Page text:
Pretty crowded market
Either roaring success or crash and burn.
Historical credentials are meaningless
OnePlus founder Carl Pei has raised $7m in seed funding for his new hardware startup based in London and focused on the audio sector. Pei's biggest coup is signing up Tony Fadell as an investor. Fadell is best known as the inventor of the iPod, and led the 35-member team that created the inaugural product. He later served as …
(After which, I'm still clueless as to what they're thinking. Market is too crowded for yet another streaming service.
On the home audio hardware front:
- Sonos are a strange one, since their kit didn't originally play nice with established services and protocols from Apple, with whom they share customers. Things seem better now, but it's interesting that Sonos went the 'do it alone' route.
-Google discontinued Chromecast Audio, which was an Android / iOS / Mac / PC agnostic way of doing audio on the cheap. Shame. Worked lovely, except for with Spotify which was glitchy. Spotify, BBC Sounds etc work well on TV Chromecast, but that requires TV screen to be on. My little Sony Bravia TV is at least civilised about not outputting hums and hisses between tracks.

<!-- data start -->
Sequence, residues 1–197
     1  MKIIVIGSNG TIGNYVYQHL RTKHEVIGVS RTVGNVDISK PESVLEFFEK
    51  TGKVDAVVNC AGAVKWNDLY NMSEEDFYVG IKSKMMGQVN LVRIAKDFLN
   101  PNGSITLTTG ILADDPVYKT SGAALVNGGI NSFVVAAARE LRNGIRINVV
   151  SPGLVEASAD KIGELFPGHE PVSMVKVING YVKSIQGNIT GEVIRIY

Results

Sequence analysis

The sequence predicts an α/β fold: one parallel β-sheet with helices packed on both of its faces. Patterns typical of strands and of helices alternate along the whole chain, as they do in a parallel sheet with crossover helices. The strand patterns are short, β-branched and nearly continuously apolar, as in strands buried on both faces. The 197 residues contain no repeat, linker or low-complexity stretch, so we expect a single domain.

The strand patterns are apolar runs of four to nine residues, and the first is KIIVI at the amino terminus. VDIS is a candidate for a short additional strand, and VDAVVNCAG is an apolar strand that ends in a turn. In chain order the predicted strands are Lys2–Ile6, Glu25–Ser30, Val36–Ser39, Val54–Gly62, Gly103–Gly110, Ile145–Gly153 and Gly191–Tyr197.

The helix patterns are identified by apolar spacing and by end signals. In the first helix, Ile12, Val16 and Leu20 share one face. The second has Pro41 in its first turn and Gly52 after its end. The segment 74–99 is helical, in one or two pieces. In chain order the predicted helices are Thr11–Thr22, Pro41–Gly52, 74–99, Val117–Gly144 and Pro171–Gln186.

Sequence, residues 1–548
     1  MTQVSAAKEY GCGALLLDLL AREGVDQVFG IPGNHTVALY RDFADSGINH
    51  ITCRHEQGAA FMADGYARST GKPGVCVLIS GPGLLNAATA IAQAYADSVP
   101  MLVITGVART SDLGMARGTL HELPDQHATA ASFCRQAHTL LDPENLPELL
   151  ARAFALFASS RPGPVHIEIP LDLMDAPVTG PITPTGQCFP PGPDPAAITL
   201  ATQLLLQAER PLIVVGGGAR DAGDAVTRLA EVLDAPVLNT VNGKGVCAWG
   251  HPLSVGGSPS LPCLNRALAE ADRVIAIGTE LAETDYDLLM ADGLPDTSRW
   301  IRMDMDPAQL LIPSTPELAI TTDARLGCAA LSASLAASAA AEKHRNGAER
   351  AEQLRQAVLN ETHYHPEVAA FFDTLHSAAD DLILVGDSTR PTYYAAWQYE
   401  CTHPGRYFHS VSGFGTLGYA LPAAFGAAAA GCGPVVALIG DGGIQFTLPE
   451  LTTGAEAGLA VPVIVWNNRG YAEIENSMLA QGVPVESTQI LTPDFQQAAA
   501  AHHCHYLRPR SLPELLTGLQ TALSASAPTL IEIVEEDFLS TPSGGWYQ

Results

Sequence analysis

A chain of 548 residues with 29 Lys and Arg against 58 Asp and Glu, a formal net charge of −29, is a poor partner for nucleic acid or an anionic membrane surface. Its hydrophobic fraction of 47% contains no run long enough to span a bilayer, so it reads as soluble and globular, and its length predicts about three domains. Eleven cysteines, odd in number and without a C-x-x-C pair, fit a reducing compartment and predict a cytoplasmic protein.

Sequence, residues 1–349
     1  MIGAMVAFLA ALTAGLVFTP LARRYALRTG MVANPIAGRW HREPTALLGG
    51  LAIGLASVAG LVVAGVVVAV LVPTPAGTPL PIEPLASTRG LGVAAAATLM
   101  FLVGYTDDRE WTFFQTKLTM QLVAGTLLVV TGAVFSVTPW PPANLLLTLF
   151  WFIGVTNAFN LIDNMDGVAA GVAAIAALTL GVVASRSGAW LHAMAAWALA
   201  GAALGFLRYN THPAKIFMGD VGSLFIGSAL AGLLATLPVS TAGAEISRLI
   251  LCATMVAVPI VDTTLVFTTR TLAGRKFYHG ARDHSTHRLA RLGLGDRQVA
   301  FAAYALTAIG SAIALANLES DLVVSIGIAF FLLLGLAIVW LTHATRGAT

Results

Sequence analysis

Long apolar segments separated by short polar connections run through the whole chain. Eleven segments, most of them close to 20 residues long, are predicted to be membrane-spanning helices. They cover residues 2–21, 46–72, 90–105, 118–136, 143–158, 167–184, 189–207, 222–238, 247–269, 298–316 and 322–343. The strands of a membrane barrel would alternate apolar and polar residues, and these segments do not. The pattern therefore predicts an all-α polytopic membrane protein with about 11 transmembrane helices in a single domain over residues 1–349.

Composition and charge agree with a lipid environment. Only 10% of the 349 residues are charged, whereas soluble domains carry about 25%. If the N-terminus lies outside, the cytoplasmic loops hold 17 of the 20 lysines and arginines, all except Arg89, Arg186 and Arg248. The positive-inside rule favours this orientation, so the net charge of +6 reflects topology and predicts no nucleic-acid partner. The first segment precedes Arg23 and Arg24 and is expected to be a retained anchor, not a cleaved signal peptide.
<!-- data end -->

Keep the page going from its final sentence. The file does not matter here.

- Girlfriend makes noises about ditching her amp and B&W speakers in favour of an Apple HomePod, based on what she heard in the showroom. Whilst there is no replacement for displacement, its amazing what little speakers can do these days.
And on portable audio:
- High quality, dedicated audio players have become commoditised, with Chinese made players containing high quality DACs from ESS available for about £100. True, the like of Sony and Astell & Kern (nee iRiver) still sell PMPs for £600 and up, but great audio fidelity has never been so inexpensive. Just a shame most people just use their phones.
- What was that sodding weird yellow Tolberone-shaped audio player that was tied to a high-def music download service, and punted by Neil Young a couple of years back? Clearly it didn't take off.
- Superb audio fidelity can be coaxed out of any phone these days, if one wants to buy a USB C / Lightening DAC.
- There are wireless audio codecs aplenty, but support is patchy on the headphone side. All Android phones support LDAC these days, for example, but only higher end Sony cans do.
There's a very interesting recent article about venture capital in the New Yorker. Well worth reading in the context of vaguely described startups by elusive entrepreneurs.
Why bother with "Bodge it"? There are plenty of crowdfunded projects which never delivered anything. Just go with "Scamyou & Scarper". Announce it will all be designed in-house (actual manufacturing outsourced to China). Knock up a few renders. Toddle off with the money.
I can't remember which of the sites allow it, and which require something to be delivered or your money back. Once you've done that research, you should be all set.